By Brian Feeney (for the Irish News)
The DUP is a victim of its own success.
For most of its existence since Paisley founded it in 1971, the party was Paisley, then two or three other elected representatives, usually Peter Robinson and Willie McCrea.
True, there were numbers of councillors but none of them had two neurons to rub together. The party was always only second fiddle to the Ulster Unionist Party which had the bulk of MPs.
Paisley’s clique performed the role of a ginger group striving to keep the UUP blindly marching along the unionist cul de sac.
In the last decade all that changed, slowly at first but since 2001 with startling rapidity.
It’s not just the fact that Paisley’s party overtook the UUP and then demolished Trimble’s party, literally causing a revolution in unionism. Within the DUP the biggest change has been the influx of newly-elected MPs and assembly members.
That might seem to be an unalloyed triumph. In fact the influx has created a problem for Paisley and it’s this - the DUP is no longer Paisley’s party, a unionist splinter which could be dismissed with the collective title ‘Paisleyites’.
Not now. Many of the new people - and some not so new - do not depend on Paisley for their political existence.
Jim Allister, who has been around DUP politics for a generation, has always been his own man in the party, disappearing from public view 20 years ago when he was prevented from contesting a Westminster seat. Newly elected to the European parliament, he’s going to be around for years ahead.
MPs like Nigel Dodds and Sammy Wilson hold impregnable Westminster seats. David Simpson in Upper Bann, a successful businessman, does not depend on politics to keep the wolf from the door. Lord Morrow is a life peer. There’s nothing Paisley can do about him even if he wanted to. Likewise the blow-ins from the UUP do not owe their success to Paisley.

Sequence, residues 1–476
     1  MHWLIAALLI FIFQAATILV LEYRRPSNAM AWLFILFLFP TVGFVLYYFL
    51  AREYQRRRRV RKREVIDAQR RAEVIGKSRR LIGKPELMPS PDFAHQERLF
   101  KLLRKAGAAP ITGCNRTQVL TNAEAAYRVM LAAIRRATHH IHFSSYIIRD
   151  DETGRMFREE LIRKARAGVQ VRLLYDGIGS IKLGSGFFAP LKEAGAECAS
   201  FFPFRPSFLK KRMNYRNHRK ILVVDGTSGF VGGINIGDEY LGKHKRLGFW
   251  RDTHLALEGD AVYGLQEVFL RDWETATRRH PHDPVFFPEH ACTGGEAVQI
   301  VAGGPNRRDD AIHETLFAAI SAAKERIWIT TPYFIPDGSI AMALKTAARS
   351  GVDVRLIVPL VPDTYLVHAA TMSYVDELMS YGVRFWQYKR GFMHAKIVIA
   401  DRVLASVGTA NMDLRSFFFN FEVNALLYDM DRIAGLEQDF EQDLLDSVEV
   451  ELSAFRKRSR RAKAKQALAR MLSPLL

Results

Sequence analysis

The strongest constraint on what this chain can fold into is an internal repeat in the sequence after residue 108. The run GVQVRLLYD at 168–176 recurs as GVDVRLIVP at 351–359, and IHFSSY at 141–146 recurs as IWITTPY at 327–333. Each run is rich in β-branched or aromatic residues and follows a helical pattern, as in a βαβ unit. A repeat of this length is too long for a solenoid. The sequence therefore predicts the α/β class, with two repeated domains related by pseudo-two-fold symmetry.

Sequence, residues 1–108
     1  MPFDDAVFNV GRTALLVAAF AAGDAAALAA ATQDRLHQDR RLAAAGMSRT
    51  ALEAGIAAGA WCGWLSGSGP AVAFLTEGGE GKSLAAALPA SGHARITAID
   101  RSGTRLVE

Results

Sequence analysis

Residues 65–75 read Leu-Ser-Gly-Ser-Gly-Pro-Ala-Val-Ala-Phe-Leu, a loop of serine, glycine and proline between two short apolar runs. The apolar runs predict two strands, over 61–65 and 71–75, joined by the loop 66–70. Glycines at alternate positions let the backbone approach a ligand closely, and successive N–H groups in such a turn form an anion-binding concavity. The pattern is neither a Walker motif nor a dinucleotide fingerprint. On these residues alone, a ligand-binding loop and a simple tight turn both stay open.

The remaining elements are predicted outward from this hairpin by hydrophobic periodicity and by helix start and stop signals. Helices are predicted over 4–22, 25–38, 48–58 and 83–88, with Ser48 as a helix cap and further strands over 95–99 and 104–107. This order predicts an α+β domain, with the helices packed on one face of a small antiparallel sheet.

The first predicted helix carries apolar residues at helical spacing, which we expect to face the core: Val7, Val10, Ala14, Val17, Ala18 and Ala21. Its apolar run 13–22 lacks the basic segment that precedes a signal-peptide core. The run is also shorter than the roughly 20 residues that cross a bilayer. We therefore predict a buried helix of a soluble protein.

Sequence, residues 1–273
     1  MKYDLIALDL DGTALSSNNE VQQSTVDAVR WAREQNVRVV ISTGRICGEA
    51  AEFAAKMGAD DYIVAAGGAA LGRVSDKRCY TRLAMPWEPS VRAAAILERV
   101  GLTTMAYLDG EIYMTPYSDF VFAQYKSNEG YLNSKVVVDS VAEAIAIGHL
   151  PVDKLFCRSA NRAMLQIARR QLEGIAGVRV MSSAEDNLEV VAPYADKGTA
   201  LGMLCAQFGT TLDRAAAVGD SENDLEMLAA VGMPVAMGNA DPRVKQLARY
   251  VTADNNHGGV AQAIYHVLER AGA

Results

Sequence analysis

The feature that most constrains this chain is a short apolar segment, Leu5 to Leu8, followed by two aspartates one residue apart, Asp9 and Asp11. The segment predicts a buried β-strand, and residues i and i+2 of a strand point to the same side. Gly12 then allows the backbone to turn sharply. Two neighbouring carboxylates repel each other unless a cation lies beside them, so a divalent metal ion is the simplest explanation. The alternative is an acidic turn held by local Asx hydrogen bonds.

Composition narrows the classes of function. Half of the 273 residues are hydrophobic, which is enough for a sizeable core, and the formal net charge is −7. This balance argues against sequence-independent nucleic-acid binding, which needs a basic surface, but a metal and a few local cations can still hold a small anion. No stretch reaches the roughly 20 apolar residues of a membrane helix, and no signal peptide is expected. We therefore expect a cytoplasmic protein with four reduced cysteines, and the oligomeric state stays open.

In other words the old faction that Paisley created no longer exists. To add to Paisley’s difficulties, what we have witnessed in the last couple of months since Blair and Ahern’s St Andrews Agreement is the start of a leadership contest in the DUP.
Paisley will be 81 next April. Until he retires he will be sole proprietor of the party he founded but it’s obvious he won’t be around for much longer as party leader.
Who will succeed?
Was it his dismal performance in a poll to assess potential successors that stung Nigel Dodds into adopting a tough line on Sinn Féin in an executive and that incited him to join the Dirty Dozen who signed the declaration rejecting any suggestion Paisley had signalled he would be First Minister?
He got 11 per cent in the poll. It would be interesting to see what his figure would be now.
Sad, isn’t it, that any unionist who wants a bit of publicity believes the easiest way to gain it is to take a more reactionary line than any other unionist? To promise to lead the troops back into the cul de sac?
Ten days ago Dodds told the BBC that the DUP was not like the UUP because Trimble “presented his party with a fait accompli and rammed it through, whatever the dissent”.
Isn’t that exactly what Paisley tried to do on November 24 and what Dodds and his fellow dissenters prevented?
It’s perfectly clear that Paisley intended to present his party with a fait accompli that morning but the Dirty Dozen stopped him. Wasn’t that the first occasion Paisley didn’t get his way in his own party? Changed times indeed.
It’s also perfectly clear that the dissenters have been making the running ever since, laying down conditions for Sinn Féin to enter an executive just as David Trimble did.
Will the dissenters succeed in preventing an election next March, as they are looking increasingly likely to do, by making impossible demands of Sinn Féin?
Will they succeed in spancelling Paisley, irony or ironies, just as he’s contemplating the first constructive move in his long destructive life?
The dissenters can certainly afford to do so. They won’t lose a vote.
They can afford to wait a year or two. Paisley can’t.